Restraint and Automated in vivo
Researchers at Department of Molecular Biology and the
Princeton Neuroscience Institute, have developed a rat operated kinematic
restraint clamp and automated in vivo imaging
In neurosciences, measurement of neural activity in
animals by imaging techniques is an essential component for scientific research
and drug development. A major
obstacle for in vivo imaging in awake animals is the need to hold the head
stationary imaging apparatus during imaging. This invention overcomes the obstacle by
training rats to operate a mechanical head restraint system that both
immobilizes the head and move the head to a specified location
automatically. Since the device is
under the control of the animals, the rat does not experience the stress
normally associated with forced head restraint, allowing imaging of the brain
under normal physiological conditions.
Moreover, since this system is automated, it is easily adapted to
high-throughput systems, such as drug screens or training in behavioral tasks
that require higher cognitive functions in a large number of
This device is the first kinematic registration system
for micron precision head registration to be used in un-anesthetized animals. It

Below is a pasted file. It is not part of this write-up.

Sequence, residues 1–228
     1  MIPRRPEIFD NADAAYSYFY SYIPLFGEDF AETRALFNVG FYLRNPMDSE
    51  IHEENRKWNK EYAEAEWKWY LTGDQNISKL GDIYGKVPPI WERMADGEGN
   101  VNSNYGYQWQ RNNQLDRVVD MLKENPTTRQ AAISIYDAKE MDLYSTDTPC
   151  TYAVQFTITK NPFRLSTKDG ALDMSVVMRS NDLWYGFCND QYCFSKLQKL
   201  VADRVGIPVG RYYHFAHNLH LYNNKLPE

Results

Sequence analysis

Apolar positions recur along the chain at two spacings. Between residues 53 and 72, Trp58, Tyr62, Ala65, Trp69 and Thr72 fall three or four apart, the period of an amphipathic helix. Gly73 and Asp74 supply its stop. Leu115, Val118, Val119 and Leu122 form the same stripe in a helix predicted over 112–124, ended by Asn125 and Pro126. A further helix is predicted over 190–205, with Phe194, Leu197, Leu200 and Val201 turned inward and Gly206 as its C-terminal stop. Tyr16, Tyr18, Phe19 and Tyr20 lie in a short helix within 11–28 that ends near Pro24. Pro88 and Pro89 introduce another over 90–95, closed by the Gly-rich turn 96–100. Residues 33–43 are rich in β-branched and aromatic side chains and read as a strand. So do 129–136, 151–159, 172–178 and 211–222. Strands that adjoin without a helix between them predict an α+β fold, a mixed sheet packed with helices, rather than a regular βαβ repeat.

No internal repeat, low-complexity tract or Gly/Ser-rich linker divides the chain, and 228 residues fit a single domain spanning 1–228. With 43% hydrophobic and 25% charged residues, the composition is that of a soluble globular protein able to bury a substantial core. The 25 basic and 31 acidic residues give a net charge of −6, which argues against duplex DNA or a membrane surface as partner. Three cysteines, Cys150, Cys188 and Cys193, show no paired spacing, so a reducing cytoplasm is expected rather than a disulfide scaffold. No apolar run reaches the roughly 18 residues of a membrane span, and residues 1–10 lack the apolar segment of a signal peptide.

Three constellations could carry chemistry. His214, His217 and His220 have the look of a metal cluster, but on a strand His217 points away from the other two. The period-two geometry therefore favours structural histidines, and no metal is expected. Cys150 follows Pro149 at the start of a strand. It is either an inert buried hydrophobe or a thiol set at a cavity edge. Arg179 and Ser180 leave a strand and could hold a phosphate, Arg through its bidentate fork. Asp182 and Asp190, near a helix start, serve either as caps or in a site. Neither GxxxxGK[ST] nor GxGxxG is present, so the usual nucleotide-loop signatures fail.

has the stress-free feature of a switch triggered pneumatic clamp for voluntary
head restraint/release that can completely replace the current employed
stress-induced forced head restraint system. An automated imaging fluid delivery
and removal system replaces manual addition and removal of the immersion
stress to animals.
Can be easily
integrated into pre-existing operant conditioning chambers.
integrated into MRI machines.
Tank is the Henry L. Hillman Professor in Molecular Biology, Professor of
Molecular Biology and the Princeton Neuroscience Institute, and Co-Director of
Princeton Neuroscience Institute. The area of Tank Laboratory is Computational
and Systems Neuroscience. One
of the major focuses of Tank Laboratory to develop methodologies and
instrumentation that can provide measurements of chemical and electrical
dynamics of neurons in vivo.
Intellectual Property & Development
Patent protection is pending.
Princeton is currently seeking commercial partners for
the further development and commercialization of this opportunity.
TzodikovPrinceton University Office of Technology Licensing
University Office of Technology Licensing